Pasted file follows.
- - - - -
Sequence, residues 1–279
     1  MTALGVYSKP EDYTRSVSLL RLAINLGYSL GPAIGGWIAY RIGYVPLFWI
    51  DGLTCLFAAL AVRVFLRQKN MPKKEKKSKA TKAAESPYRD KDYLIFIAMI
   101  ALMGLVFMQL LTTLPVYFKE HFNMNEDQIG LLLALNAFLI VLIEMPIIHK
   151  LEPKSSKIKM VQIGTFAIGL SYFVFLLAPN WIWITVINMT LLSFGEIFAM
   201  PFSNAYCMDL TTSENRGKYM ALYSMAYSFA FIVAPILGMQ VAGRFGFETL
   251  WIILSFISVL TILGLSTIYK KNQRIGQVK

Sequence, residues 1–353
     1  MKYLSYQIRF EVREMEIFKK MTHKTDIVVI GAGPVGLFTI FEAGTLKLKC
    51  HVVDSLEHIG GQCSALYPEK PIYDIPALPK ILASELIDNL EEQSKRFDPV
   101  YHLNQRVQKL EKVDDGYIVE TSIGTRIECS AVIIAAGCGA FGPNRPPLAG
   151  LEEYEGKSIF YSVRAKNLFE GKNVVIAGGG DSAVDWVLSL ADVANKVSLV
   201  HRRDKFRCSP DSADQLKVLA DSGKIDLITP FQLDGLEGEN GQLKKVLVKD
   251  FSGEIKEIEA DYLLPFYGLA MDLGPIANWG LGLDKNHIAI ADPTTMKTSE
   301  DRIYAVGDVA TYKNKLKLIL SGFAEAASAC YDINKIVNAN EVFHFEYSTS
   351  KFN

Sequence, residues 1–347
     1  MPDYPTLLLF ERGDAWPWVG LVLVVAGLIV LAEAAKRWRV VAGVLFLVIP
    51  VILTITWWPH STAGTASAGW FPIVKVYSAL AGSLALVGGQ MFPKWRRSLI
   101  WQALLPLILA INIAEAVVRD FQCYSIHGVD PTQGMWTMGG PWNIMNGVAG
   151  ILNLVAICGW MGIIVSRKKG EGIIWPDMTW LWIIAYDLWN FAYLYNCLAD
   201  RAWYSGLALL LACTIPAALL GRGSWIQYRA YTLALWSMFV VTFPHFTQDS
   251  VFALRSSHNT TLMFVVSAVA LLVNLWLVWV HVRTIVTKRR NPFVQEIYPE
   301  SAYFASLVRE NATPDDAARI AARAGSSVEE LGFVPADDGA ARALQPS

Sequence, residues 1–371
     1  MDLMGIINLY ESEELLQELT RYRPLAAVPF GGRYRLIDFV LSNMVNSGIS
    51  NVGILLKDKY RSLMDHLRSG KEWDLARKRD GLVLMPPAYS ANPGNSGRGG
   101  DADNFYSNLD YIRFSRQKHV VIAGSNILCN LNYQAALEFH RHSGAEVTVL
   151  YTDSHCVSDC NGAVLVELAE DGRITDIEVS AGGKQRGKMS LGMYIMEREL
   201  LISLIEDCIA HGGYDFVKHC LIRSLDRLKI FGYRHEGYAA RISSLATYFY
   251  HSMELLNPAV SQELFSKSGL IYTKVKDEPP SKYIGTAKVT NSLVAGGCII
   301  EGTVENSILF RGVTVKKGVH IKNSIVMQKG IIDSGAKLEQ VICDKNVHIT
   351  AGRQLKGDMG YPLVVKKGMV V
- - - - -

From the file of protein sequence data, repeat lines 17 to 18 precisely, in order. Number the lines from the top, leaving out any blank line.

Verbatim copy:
Sequence, residues 1–347
     1  MPDYPTLLLF ERGDAWPWVG LVLVVAGLIV LAEAAKRWRV VAGVLFLVIP